HL Deb 12 February 1872 vol 209 cc200-2

Order of the Day for the Second Reading, read.


, in moving that the Bill be now read the second time, said, it was the same measure as that he had introduced into their Lordships' House last Session, and which, after having been carefully considered by a Select Committee, had been passed by their Lordships and sent down to the other House. It had there passed the second reading, after a division, by a considerable majority; but the pressure of business prevented its further progress, and it was ultimately withdrawn. A very brief explanation of its contents would, therefore, be sufficient. One of the grievances complained of by the Dissenters, and intended to be remedied by the Bill, was this—that they did not enjoy the same facilities for acquiring land for burial purposes as the members of the Established Church. The Bill would remove this injustice, and would place the members of both bodies on precisely the same footing in that respect. The other principal object of the Bill was this—that persons desiring to be buried in churchyards where their ancestors were lying, might be solemnly interred without having the burial service of the Established Church read over them, if they had left in writing their wish that it should not be read, or if their relations and representatives desired to dispense with it. He would add that during the Recess he had received a great number of letters from clergymen—many of them totally unknown to him—expressing their approval not only of the purpose of the Bill, but also of the machinery it provided for carrying that purpose into execution. Some of them had even declared that the facilities for acquiring land should be made still greater, and that power should be given to vestries to buy and sell land for that purpose; but that was a suggestion which he felt it would not become him to introduce, whatever might be the course adopted with regard to it in the other House.

Moved, "That the Bill be now read 2a"—(The Earl Beauchamp.)


said, he should support the second reading. The Bill, he believed, would remove almost the only real grievance relating to burial under which the Nonconformists suffered in the present state of the law, and everyone must desire to see it remedied. It was also unjust to the clergymen of the Church of England, for it was unquestionably a grievance that a minister should be compelled to read the Church of England Service over the remains of a person who entertained an objection to that service. It was generally assumed that the clergyman was now compelled to do that, on the strength of a well-known legal decision; but it should be remembered that in that case, the object of the suit was to ascertain whether the clergyman had the right to refuse when he was asked to read the service, and not whether he was legally bound to read it when he was asked to abstain. However, it would be very desirable that the joint should be clearly settled. At the same time he had reason to think that he grievance, though existing, was not felt at all as widely as was sometimes represented. Last year he had taken some pains to ascertain from the various chaplains of the metropolitan cemeteries what services were used in the unconsecrated portions of those burial grounds, and he was very much astonished to find that the service generally used was that of the Church of England, either in whole or in part—that was to say, it was the Church of England Service, in the main, with some omissions. No doubt, however, difficulties were felt, and it was right they should be removed. The other portions of the Bill, by which the same facilities for obtaining burial grounds were given to Nonconformists as to Churchmen, did only common justice. He, therefore, hoped their Lordships would give a second reading to the Bill.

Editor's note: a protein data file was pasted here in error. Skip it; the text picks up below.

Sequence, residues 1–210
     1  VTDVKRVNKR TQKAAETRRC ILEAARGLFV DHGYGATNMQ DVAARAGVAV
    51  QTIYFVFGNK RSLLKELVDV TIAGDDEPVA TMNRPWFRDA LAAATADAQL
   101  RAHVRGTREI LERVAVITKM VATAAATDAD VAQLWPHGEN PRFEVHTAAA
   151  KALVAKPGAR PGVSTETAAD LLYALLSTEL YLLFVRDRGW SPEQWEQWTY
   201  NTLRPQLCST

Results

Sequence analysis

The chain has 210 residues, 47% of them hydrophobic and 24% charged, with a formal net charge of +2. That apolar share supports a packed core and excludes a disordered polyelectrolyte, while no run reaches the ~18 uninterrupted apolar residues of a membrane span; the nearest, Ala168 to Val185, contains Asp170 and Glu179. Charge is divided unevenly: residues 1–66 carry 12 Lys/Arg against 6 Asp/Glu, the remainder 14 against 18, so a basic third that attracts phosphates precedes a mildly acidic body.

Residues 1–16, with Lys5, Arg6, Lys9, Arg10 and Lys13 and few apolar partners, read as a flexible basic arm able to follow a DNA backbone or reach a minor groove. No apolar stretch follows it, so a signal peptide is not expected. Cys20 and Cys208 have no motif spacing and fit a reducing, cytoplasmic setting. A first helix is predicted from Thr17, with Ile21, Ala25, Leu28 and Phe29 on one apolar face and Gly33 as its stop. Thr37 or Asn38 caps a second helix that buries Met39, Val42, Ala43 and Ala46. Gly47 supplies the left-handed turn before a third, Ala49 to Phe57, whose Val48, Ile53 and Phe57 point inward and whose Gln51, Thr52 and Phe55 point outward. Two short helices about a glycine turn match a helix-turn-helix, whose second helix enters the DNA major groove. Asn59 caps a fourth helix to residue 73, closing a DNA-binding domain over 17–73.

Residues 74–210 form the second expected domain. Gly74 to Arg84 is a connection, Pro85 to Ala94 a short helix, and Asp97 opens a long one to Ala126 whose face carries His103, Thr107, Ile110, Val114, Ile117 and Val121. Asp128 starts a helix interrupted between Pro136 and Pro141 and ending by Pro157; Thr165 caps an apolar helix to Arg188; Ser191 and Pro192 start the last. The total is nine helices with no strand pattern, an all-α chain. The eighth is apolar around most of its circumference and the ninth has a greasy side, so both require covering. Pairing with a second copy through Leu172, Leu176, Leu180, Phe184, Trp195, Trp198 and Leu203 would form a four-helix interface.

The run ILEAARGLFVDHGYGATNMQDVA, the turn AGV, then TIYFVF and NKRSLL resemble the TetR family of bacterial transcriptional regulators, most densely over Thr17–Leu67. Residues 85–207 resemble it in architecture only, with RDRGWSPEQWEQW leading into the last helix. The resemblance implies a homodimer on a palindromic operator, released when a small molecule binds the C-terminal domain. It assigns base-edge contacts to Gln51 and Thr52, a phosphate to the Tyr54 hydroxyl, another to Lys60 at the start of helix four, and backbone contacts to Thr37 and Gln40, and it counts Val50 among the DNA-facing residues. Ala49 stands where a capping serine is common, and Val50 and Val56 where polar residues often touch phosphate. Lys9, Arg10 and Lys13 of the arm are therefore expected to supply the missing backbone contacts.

welcomed the re-appearance of the Bill very heartily, and hoped it would prove more successful "elsewhere" than had been the case last year.

Motion agreed to; Bill read 2a accordingly, and committed to a Committee of the Whole House on Thursday next.